Fact checks about the Affordable Care Act continue to dominate our monthly roundup of the most widely read fact checks, but two columns about former President Bill Clinton and former Secretary of State Hillary Rodham Clinton also made it into the top five. That suggests there is still intense interest in the once and possibly future president.
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This column helped explain a complex finding in a Congressional Budget Office report that the health-care law, over time, will shrink the workforce by the equivalent of 2 million full-time workers. This was a huge increase from a previous estimate , but it was widely misinterpreted by both the news media and Republican operatives. Some jobs will go away, but the actual number is unclear because of the unknown interaction between part-time and full-time work. Analysts can make a credible case that this is still a negative — just as advocates for the law can claim the law gives people the option not to work.
This was one of a series of columns that looked at the claims in ads sponsored by the pro-GOP group Americans for Prosperity. All of them had various issues in terms of facts and context. In this case, Michigan resident Julia Boonstra left the impression that she lost her doctor when her insurance was canceled (she did not) and claimed that her new insurance left her with “unaffordable” out-of-pocket costs. But she did not say that her premium was cut in half — and that savings from that would cover her out-of-pocket expenses.
Rep. Darrell Issa (R-Calif.), the chairman of the House Oversight and Government Reform Committee, earned Four Pinocchios for claiming that then-Secretary of State Hillary Rodham Clinton ordered Defense Secretary Leon Panetta to “stand down” his troops and not try to rescue Americans during a 2012 attack on a U.S. compound in Benghazi, Libya. Every congressional report, including by House Republicans, has debunked claims of a “stand-down” order.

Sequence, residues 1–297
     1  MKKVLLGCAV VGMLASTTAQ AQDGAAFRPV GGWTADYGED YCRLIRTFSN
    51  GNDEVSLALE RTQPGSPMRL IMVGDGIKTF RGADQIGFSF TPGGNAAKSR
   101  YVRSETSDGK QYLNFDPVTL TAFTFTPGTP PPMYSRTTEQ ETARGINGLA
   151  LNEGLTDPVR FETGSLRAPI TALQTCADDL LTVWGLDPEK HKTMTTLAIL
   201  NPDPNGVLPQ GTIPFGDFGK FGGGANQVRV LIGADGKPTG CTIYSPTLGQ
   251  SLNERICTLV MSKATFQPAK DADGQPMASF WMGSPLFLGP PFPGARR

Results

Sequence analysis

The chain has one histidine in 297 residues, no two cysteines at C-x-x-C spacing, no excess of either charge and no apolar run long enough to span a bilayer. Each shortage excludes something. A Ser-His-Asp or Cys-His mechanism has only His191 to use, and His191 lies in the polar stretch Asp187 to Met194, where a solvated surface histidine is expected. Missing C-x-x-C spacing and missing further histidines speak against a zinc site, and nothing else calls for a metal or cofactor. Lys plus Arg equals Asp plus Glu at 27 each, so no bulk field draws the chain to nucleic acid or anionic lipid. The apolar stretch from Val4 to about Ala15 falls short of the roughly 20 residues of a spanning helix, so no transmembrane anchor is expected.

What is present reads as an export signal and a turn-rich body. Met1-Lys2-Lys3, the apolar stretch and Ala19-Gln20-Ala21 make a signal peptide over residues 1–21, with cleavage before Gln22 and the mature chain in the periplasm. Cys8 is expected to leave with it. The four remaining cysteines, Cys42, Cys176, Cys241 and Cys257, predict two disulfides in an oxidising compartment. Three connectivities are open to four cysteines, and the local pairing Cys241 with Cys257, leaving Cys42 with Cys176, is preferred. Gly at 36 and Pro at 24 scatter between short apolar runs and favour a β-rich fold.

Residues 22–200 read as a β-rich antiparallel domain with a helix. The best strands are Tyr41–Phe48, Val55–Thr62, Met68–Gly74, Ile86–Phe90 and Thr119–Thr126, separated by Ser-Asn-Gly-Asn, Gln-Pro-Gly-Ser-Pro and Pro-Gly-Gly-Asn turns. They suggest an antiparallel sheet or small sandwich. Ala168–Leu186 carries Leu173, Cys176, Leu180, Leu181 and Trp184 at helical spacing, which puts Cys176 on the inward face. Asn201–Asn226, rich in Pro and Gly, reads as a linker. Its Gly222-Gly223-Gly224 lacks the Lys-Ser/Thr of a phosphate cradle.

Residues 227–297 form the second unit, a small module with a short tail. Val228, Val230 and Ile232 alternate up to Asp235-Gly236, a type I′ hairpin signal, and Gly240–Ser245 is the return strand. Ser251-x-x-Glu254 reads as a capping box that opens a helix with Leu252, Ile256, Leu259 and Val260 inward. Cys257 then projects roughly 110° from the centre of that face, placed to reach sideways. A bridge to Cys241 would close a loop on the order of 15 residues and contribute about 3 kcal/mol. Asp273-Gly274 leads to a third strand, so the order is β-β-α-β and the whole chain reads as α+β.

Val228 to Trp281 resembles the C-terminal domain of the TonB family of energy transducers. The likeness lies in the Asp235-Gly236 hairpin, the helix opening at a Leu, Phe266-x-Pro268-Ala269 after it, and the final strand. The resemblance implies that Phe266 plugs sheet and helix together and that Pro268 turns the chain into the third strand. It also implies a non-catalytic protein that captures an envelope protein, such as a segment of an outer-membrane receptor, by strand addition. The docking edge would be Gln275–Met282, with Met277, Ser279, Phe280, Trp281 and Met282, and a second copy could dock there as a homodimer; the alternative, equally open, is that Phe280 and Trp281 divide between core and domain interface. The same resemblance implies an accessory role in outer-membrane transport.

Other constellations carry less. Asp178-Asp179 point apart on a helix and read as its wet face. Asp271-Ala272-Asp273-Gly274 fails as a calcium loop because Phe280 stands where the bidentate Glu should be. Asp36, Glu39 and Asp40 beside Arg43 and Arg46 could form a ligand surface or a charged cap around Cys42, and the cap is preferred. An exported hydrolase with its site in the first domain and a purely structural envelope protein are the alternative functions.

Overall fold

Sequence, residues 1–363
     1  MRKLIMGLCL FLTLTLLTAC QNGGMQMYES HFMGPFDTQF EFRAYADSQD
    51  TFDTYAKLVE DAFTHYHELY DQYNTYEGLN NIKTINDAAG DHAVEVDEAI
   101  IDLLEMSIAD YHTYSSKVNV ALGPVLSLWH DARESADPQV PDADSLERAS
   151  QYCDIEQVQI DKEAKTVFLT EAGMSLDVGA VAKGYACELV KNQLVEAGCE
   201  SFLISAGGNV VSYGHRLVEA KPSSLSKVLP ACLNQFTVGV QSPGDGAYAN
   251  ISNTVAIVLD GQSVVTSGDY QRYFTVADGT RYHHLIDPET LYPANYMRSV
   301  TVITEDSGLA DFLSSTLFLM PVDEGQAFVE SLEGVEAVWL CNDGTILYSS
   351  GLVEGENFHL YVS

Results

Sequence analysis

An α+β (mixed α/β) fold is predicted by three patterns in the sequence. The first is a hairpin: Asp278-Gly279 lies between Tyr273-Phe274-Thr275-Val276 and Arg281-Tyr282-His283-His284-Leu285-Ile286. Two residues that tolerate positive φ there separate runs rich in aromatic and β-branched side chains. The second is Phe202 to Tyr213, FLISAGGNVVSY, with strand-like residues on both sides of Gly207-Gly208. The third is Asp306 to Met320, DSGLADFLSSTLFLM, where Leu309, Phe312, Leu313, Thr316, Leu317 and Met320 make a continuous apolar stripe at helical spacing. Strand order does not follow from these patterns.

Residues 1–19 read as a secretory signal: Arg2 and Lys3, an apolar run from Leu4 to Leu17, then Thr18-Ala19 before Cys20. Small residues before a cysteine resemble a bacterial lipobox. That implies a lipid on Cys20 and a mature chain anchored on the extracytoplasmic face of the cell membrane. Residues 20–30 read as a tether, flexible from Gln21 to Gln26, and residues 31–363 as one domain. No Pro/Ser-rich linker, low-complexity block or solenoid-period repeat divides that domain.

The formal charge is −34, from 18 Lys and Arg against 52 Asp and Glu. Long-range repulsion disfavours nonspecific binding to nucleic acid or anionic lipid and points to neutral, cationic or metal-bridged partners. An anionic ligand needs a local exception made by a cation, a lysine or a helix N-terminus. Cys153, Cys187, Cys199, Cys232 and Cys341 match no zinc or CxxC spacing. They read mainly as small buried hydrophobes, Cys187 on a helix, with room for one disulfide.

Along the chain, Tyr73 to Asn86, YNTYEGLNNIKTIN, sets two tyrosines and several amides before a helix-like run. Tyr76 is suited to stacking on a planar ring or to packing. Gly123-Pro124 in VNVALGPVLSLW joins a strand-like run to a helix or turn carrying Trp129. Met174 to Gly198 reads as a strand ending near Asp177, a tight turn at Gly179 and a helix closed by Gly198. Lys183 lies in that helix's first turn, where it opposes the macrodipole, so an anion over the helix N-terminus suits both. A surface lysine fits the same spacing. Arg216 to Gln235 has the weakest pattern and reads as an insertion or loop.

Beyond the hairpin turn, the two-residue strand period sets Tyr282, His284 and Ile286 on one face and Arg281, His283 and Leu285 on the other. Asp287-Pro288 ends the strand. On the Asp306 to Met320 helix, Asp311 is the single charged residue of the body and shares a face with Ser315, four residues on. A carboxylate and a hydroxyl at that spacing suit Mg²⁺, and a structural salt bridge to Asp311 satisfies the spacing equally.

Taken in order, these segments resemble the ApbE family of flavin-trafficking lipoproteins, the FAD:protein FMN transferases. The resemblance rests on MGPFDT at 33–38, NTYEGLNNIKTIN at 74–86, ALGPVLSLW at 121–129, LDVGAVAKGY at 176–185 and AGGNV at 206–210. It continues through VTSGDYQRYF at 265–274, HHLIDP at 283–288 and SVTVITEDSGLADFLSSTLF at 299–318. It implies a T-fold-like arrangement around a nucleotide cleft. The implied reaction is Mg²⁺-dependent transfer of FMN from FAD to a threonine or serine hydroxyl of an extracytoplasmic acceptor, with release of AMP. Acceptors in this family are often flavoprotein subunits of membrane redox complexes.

4: Obama’s claim that 7 million got ‘access to health care for the first time’ because of his Medicaid expansion
The president erred badly in claiming that 7 million people had received access to health care for the first time because of the health law’s expansion of Medicaid. The administration’s Medicaid figures are complex and obscure, but no matter how you slice it, there is no way someone can claim that all 7 million on the list are getting health care for the first time. Many people simply reenlisted in the program. Analysts aren’t sure but believe the real number of people getting health care for the first time, because of the expansion of the law, ranges between 1.1 million and 3.3 million people.
This was a controversial column, as some readers believed The Fact Checker took too narrow a view of the term “sexual predator” (we used the dictionary definition). In any case, we concluded that Sen. Rand Paul (R-Ky.) fell short because we only found three accusations that would fit that definition. But we also found plenty of evidence of documented consensual relationships involving former president Bill Clinton.
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